Friday, August 31, 2018

Dragon Award Finalist, Best Mil Sci Fi: Price of Freedom

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...and a text link for those who do: Price of Freedom by Craig Martelle and Michael Anderle.

Preliminaries and Disclaimers.  This is review #17 in the series I'm doing on the finalists for the 2018 Dragon Award, and is #4 in the category of 'Best Military Science Fiction.' It's also the next to last of the books I'm reviewing, which is a good thing, since Dragon Con is this weekend, and voting ends at midnight tomorrow. It's ALSO the last of the books I was able to get through the Kindle Unlimited program, which was the biggest single source of all the books I obtained, with 11 coming from KU, four coming from Baen, and three received directly from the author.

Several of the books I reviewed were part of a series, going as deep as #8, I believe. "Price of Freedom" is number three in the series, and I suppose it was inevitable that this was going to happen: : I had problems with continuity.

The authors took pains to keep that from happening, with an exhaustive cast of characters listed in the front of the book. Alas, that wasn't enough for me. Your mileage may vary.

An utterly inadequate book review. The defects in this review are completely due to my inability to grasp the Big Picture of the story arc. Incidents are described clearly, dialogue is usually informative and snarky, with pleasing references to ever-popular cult movies such as Monty Python's Quest For the Holy Grail, and I understood the significance SOMEWHAT of the main battle, but I really didn't know how it all fit together. So:
A dimensional rift exists on a planet far out on the frontier of known space (that's NOT the Niven Known Space!), and monsters are coming in. The Bad Company goes in to wipe out the monsters, rescue to inhabitants, and gain access to a portable power plant technology that will revolutionize warfare, communications, and pretty much everything else.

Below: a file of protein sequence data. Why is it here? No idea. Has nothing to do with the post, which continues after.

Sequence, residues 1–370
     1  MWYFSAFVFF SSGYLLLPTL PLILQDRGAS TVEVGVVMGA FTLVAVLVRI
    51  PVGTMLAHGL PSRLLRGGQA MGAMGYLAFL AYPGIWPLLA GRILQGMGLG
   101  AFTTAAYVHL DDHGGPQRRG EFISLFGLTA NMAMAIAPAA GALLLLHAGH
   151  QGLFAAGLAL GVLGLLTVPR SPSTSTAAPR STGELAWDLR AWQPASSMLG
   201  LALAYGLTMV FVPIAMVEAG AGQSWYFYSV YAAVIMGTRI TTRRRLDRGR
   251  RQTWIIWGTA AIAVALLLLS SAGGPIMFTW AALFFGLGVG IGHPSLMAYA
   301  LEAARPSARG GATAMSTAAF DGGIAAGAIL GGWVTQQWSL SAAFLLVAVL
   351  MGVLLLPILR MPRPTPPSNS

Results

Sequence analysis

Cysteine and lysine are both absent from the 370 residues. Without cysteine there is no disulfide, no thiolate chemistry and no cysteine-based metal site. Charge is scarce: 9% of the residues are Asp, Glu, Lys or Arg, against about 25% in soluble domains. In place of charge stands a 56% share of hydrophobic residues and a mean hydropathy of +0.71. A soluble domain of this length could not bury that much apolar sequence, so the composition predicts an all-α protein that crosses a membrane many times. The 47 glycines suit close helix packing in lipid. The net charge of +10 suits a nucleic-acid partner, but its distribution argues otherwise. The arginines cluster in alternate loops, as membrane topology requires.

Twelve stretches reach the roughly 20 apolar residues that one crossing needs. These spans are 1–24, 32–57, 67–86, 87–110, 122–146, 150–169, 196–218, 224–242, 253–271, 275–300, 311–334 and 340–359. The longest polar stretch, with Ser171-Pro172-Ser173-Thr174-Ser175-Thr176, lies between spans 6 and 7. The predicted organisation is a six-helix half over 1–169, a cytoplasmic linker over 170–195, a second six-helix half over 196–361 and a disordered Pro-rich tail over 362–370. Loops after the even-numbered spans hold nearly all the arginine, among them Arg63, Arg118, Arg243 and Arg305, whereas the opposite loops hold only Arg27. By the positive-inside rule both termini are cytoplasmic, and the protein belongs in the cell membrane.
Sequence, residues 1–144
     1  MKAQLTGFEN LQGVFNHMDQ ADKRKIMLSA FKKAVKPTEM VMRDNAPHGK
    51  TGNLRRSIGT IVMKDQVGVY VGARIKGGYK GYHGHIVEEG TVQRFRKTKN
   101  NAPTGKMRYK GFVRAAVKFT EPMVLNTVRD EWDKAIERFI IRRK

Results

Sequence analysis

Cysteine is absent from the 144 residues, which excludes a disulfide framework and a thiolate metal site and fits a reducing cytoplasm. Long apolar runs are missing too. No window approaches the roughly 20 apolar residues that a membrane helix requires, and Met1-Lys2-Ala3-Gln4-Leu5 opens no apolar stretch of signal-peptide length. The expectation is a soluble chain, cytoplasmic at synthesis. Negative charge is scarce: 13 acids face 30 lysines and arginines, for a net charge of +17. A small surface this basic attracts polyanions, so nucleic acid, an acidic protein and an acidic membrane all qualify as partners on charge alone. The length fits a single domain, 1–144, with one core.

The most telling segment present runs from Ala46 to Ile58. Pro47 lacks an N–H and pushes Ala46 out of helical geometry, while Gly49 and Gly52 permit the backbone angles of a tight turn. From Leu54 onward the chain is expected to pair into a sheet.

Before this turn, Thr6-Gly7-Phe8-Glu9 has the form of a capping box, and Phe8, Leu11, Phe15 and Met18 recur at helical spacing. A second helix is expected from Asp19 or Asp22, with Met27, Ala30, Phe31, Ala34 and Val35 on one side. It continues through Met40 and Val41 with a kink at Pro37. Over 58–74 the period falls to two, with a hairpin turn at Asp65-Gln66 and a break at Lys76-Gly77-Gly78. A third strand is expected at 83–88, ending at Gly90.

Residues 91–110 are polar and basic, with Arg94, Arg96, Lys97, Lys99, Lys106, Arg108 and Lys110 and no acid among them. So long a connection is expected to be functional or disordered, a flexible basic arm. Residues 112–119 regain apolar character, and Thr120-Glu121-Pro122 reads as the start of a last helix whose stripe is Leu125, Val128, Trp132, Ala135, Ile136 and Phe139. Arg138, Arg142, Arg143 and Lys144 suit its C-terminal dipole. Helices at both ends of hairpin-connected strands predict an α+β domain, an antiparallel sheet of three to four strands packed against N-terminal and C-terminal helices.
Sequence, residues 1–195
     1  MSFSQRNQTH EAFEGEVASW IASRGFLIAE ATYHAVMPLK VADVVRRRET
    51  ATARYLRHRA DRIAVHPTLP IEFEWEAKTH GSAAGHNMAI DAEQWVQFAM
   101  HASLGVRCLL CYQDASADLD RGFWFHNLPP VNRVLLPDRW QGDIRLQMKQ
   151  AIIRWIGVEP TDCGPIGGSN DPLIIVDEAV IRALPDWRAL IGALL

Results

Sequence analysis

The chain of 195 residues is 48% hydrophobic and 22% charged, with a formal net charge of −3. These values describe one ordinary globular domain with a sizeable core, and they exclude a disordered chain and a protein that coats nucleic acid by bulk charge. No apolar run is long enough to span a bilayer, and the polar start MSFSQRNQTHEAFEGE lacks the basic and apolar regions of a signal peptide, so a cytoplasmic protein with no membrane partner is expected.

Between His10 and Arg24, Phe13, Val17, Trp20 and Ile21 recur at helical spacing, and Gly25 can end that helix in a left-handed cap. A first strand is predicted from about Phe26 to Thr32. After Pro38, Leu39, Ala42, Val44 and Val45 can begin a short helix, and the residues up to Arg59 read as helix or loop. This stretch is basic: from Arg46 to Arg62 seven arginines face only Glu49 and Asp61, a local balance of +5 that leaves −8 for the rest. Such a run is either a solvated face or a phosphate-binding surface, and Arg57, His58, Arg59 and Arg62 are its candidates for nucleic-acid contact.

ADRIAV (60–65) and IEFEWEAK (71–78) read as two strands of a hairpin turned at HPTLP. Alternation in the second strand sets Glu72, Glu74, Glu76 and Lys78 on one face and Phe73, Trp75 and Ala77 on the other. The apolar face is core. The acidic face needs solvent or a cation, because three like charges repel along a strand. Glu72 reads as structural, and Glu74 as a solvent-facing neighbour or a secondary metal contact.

Meanwhile, one of the sentient computers is going to night school to become more advanced. The resident Mad Genius is a bit miffed at being told what to do, and hundreds of liberated prisoners housed nearby go nuts when they see a woman. 

Yeah. Not much of a review, was it? Don't get me wrong: I ENJOYED reading the book. It's just that in this particular case, THIS reader wasn't able to make sense of how all the characters interacted, and where the story came from, and where it was going. The humor and pathos of duct-taping a sentient German Shepherd face-to-muzzle with a team leader was not lost on me, nor were the other japes and jams; I just never knew, when a particular person/event entered the picture, if that was unusual, or something everyone expected to happen. 

Conclusion. While the writing was entertaining, I suffered from lack of story. If you have been reading the series, everything is likely to make sense, and therefore, you might see this as the perfect candidate for the Dragon Award for Best Military Sci Fi. I can't support that choice, because it's just TOO dependent on prior work to stand on its' own. I have no idea as to how popular this series is, and if there is a huge population out there which was waiting breathlessly for this installment, it might cop the award.

Peace be on your household.

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